My Grandmother Agnes Cully Peters was a Fashion Designer in Harlem, New York. I grew up knowing this fact about my Grandmother, that she sewed for Marian Anderson and other well known performers, but the only hard evidence that I had was my Mother’s stories, and a couple of pictures.

When I went on my Family History Research Trip to Harlem, one of the first places I went was the Schomburg Center for Research in Black Culture. I immediately went searching for any and all articles on my family and their very close friends.  I had great success!  Below are a few articles of documentation.

New York Amsterdam News, Nov. 18, 1939
Marian Anderson’s Modiste
MARIAN ANDERSON, America’s Number 1 contralto, has engaged
Mrs. Agnes Cully Peters, Modiste, of 460 West 147th Street, to
design an make her clothes for a year.  For a long time the singer has
had many of the European experts to attend to that important detail
for her and they certainly have done an excellent job.  However, since
she could not go abroad this season, Miss Anderson has decide to 
give that job to one of her own race-and she should be commended
for doing so.

(Modiste, a maker of fashionable clothing and accessories, with the implication that the articles made reflect the current Paris fashions.)

The article above stated that Agnes would design Marian’s clothes for a year, but she did many years after, and through the 1950’s.  Below is another article dated in 1949.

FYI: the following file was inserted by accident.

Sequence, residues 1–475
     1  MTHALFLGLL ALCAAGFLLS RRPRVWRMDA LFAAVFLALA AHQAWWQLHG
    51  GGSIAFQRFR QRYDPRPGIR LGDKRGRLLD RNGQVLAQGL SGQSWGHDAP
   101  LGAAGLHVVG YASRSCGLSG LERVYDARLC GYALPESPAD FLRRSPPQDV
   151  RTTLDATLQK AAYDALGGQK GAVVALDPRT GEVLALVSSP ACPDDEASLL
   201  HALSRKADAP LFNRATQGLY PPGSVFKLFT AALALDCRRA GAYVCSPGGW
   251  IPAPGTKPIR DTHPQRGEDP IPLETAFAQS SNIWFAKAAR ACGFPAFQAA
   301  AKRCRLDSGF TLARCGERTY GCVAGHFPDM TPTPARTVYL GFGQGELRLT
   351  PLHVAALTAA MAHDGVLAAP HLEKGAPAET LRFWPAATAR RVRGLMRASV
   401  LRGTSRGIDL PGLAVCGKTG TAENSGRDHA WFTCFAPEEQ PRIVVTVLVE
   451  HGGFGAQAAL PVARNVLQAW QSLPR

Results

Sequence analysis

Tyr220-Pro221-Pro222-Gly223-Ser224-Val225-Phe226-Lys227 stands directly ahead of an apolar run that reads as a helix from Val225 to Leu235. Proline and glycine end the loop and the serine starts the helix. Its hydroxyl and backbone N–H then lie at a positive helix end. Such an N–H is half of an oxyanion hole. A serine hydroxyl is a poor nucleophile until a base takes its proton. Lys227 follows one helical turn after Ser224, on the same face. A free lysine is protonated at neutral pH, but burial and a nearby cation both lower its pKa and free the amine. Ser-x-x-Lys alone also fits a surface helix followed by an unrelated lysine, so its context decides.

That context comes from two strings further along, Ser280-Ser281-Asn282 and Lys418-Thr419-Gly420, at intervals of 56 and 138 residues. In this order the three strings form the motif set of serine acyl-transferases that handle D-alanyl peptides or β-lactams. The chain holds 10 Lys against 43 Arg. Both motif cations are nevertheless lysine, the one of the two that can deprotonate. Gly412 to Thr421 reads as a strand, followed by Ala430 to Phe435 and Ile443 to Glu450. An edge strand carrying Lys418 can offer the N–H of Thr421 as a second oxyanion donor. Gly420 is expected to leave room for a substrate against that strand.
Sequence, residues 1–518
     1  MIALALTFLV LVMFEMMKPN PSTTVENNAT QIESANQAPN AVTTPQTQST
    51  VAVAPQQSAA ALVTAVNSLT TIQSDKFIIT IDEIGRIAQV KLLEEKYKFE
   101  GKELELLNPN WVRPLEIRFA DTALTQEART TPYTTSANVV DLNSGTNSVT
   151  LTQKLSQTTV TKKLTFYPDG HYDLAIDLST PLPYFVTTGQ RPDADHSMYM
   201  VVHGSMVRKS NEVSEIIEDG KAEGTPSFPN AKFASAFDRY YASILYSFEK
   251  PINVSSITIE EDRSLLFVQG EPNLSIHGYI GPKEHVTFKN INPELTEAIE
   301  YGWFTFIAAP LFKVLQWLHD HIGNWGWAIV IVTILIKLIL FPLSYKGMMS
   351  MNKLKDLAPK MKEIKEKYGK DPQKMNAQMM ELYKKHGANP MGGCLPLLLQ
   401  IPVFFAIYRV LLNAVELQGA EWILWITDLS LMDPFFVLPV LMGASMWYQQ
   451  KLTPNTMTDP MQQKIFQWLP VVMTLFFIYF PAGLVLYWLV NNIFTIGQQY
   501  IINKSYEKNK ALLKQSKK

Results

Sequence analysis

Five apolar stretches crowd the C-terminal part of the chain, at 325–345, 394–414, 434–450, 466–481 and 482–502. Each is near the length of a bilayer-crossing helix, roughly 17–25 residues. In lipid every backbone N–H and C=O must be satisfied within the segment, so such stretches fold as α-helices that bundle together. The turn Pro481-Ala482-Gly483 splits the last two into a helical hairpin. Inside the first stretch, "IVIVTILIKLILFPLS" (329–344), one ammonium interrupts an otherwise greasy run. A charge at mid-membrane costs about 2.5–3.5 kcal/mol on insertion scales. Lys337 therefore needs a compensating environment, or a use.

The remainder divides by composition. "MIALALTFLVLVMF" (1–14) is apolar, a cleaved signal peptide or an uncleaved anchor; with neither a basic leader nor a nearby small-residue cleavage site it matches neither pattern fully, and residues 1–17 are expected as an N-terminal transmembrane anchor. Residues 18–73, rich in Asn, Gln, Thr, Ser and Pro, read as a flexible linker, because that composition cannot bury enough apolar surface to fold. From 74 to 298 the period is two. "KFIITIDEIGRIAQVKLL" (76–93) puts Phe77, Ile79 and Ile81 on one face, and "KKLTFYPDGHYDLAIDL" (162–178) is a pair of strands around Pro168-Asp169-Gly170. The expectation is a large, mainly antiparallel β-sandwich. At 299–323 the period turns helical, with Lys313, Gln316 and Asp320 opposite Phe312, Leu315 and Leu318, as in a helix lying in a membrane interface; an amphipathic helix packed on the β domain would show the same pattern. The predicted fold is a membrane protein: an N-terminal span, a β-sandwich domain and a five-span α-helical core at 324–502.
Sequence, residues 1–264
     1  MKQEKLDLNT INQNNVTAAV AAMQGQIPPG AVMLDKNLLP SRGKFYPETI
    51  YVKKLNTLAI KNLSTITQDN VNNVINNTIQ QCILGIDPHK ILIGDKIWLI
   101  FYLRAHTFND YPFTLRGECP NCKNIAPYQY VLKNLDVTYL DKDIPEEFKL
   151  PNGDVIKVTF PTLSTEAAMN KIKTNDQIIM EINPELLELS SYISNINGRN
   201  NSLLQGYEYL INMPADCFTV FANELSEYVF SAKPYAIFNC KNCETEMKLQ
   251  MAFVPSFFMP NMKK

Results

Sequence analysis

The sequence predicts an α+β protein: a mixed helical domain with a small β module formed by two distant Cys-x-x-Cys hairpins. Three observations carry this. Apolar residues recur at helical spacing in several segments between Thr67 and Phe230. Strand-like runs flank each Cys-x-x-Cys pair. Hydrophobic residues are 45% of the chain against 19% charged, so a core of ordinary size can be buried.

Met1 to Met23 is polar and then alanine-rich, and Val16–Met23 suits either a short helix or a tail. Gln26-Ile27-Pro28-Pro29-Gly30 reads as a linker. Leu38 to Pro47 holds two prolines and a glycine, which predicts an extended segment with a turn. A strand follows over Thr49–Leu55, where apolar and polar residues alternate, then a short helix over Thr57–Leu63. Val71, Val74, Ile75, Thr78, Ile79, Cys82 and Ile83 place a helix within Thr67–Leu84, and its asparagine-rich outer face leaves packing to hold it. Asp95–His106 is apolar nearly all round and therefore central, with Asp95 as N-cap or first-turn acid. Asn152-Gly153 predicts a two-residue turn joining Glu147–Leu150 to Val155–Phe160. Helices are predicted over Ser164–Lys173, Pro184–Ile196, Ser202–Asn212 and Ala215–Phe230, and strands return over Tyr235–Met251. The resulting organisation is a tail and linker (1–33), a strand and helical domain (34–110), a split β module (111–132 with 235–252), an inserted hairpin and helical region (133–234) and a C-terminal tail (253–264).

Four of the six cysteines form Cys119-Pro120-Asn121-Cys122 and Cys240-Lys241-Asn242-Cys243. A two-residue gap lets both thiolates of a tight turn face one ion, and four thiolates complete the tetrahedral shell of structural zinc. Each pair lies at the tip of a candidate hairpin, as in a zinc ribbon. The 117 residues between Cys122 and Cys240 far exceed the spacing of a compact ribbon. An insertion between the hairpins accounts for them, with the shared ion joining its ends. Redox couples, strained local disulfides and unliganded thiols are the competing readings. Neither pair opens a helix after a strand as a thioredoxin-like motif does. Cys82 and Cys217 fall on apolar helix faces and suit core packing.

MARIAN ANDERSON, best dressed women, is proud no end of the talents of Agnes Cully Peters who designs all of her street clothes. She considers Agnes a blessing to keep her in style since she has so little time for shopping. Miss Anderson will be a guest of honor when Agnes stages her “New Look” fashion show at the Club Sudan on the 23rd……

Historical Research Trip To Sugar Hill, Harlem, New York

 Life on Sugar Hill
I am writing my mother’s memoirs of “Sugar Hill” New York between 1926 and 1950. It is a story written from a daughter’s perspective.
Betty Peters-1929 Photo by D’Laigle

Currently I am researching the Sugar Hill neighborhood of Manhattan, and will raise-the-bar of my research by visiting New York this June 2010.  My daughter Vanessa will go with me, as she is my official photographer and will document our footprints.  We will be staying in a local Bed & Breakfast which is located two blocks from the actual Apartments my mother lived. This will allow me to walk the streets my mother walked and breathe in the culture of Harlem that my mother knew so well.

Betty Mae Peters, 16 yrs old

When I was a little girl, my mother recorded her life stories of New York and the background of her family history on tape.  She would tell me that she was writing a book, but never got around to finishing her project. This is why I feel the strong need to finish her book, even though there is so much that has been taken with her in death.  For this very reason, we should never put off what we can do today.